What a Brexit could mean for the UK’s aspiring Islamic finance market
As the referendum on whether to leave or remain in the European Union (EU) looms in the UK, voices are getting louder, particularly in the country’s financial industry that it would not necessarily be a good idea to vote for a Brexit. Since the weight of the UK in the global financial market is substantial – the financial sector of the City of London has a 20% share in the global market for trading foreign securities and a sizeable part of it depends on the UK’s access to the internal EU market – such a strong position would be certainly threatened.
This could have serious impact on the growing role of Islamic finance in Europe which is entrenched in the UK and from there makes its way into the continent. Since the 1990s, when the first mortgages in the UK were set up in line with Shariah law, the country has aggregated the most advanced experience in Shariah-compliant finance in the Western world. Corporate sukuk followed a decade later, and in 2014, the UK became the first country in the EU to issue some sovereign sukuk and listed them on the London stock exchange. From then on, Islamic finance steadily entered the rest of Europe.
This, in turn, has continuously attracted new business from Arab countries with Middle Eastern corporations and wealthy Muslims seeking a way to enter the EU market through the UK by using the latter’s growing variety of Islamic financial services. And with the increasing share of better-off Muslims in communities throughout the EU, demand for Islamic finance in the European market as a whole is expected to increase further and, with it, the importance of easy access to those clients as well.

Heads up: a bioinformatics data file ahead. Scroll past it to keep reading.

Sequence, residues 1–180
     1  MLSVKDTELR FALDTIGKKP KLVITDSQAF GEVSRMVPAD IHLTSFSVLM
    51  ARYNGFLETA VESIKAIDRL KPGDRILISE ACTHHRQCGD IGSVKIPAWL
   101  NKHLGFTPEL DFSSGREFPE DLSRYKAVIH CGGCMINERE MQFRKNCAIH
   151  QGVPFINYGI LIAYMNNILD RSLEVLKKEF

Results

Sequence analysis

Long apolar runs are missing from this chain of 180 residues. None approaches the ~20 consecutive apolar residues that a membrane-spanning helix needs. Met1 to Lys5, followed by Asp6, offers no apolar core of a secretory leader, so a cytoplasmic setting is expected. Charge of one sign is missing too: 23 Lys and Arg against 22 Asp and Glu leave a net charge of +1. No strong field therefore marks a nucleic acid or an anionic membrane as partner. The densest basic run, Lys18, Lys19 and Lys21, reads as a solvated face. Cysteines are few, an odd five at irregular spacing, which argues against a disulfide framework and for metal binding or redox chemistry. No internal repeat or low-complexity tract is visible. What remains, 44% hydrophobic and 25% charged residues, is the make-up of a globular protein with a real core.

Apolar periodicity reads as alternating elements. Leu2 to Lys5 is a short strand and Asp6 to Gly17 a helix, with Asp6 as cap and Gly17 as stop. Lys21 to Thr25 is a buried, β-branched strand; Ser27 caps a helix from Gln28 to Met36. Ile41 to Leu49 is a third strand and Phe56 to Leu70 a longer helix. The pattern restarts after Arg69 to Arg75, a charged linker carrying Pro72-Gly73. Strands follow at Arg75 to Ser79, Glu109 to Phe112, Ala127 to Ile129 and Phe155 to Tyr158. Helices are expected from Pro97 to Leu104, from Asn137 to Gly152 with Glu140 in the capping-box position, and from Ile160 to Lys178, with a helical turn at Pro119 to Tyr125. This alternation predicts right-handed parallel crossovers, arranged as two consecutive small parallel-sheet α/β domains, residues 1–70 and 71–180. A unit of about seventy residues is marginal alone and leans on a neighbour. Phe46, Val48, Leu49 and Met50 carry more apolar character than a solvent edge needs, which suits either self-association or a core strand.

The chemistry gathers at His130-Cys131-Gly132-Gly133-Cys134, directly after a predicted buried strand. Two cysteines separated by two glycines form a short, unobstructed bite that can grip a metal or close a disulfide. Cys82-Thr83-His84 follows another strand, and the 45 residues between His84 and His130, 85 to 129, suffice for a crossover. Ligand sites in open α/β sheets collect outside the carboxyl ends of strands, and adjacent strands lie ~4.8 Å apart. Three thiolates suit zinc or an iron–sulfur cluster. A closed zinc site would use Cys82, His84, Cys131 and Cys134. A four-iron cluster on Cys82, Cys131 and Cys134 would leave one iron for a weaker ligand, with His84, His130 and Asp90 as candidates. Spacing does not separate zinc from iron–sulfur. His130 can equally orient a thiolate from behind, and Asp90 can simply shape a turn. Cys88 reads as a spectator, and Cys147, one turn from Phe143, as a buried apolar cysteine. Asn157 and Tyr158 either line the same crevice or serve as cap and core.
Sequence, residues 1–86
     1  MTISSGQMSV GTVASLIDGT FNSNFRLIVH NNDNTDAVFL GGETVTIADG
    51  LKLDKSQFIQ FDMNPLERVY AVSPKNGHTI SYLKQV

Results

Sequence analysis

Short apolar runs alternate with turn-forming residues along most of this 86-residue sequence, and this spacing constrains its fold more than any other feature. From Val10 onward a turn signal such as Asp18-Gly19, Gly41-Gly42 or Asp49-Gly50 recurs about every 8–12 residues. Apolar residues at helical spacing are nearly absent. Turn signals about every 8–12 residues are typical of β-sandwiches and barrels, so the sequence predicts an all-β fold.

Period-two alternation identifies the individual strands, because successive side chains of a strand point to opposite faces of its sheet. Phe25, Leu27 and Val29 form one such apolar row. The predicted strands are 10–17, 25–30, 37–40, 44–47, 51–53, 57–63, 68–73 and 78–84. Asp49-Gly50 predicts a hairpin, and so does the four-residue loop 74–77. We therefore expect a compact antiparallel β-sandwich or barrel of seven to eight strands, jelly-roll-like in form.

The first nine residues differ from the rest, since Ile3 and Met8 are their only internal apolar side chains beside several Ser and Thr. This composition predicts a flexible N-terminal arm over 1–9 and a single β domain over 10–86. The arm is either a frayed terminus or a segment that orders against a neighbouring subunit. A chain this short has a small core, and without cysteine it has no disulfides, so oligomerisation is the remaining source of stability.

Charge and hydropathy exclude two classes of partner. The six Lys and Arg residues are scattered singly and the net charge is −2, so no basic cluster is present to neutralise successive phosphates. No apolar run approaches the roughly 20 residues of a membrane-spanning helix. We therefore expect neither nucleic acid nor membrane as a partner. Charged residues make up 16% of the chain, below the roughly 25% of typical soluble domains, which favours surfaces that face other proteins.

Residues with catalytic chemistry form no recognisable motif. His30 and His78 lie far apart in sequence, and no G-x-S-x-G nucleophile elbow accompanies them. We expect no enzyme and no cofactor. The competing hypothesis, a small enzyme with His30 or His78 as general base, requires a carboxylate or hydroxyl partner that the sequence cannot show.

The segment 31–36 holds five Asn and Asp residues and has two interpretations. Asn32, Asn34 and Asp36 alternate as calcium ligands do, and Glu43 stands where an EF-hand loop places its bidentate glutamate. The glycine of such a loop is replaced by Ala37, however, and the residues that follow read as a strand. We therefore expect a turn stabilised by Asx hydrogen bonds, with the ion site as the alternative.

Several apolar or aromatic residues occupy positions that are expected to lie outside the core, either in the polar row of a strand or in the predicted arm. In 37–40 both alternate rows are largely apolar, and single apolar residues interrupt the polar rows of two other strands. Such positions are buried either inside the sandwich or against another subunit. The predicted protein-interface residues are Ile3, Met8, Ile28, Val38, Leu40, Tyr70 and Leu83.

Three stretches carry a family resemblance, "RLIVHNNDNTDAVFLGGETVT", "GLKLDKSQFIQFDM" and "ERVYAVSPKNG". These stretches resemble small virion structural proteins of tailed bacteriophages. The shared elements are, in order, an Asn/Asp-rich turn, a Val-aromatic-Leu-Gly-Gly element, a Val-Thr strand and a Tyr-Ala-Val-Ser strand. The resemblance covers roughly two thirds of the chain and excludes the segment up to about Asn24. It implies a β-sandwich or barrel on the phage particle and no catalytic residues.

Currently, authorised financial services firms in the UK, including Islamic finance providers, have the right to carry out business in any other EU (and EFTA, or, European Free Trade Association) state, with or without a branch, provided the requirements of the single market regulations are met. This allows UK-based banks, investment firms, asset managers, insurers, insurance intermediaries, payment services providers and e-money firms free access to EU markets.
“Depending on the form any Brexit might take, leaving the EU could mean either restricted EU market access for UK-regulated banks and financial services businesses, with ‘third country’ status following an exit, or continued access to EU markets but without the ability to vote on financial services legislation,” notes Karen Anderson, Partner at London-based law firm Herbert Smith Freehills and expert on financial services regulation.
A Brexit could also mean a blow for the UK’s ambitious plans to establish London as a global hub for Islamic finance to stand alongside Dubai and Kuala Lumpur, as suggested by UK Finance Minister George Osborne last year. There are currently six fully-fledged Islamic banks in the UK, and a total of 20 lenders offer Islamic financial products and services, more than any other Western country.
Middle Eastern banks have a particularly big exposure to the UK Islamic finance industry through their subsidiaries there, namely Qatar Islamic Bank, Abu Dhabi Islamic Bank, Mashreq (UAE) and ABC International Bank (Bahrain). The Bank of London and The Middle East, the largest Islamic bank by balance sheet, profit and breadth of service in the West, sees itself as a “bridge” between Europe and the entire Mena (Middle East and North Africa) region and could be faced with a number of disadvantages after a Brexit.
Adding to that, a large number of law firms and accountants are involved in the Islamic finance industry in the UK, and, over the past years, universities, business schools and centres of excellence have broadened their offerings in Islamic finance education. The London Stock Exchange developed a growing reliance on Islamic finance, and to date more than $34bn in sukuk has been raised through 49 issues at the exchange.
Furthermore, given the number of people employed in the Islamic finance sector in the UK, a Brexit could also lead to a noticeable brain drain towards mainland Europe. Consultancy PwC says that in case of a “Leave” vote, a total of as many as 100,000 financial services jobs, including in Islamic finance, could be lost and being shifted to EU financial institutions of which many are in search for Islamic finance talent.
Overall, a Brexit seems to be able to bring a lot of adverse effects on the Islamic finance business in the UK.
Copyright reserved to Gulf Times 2016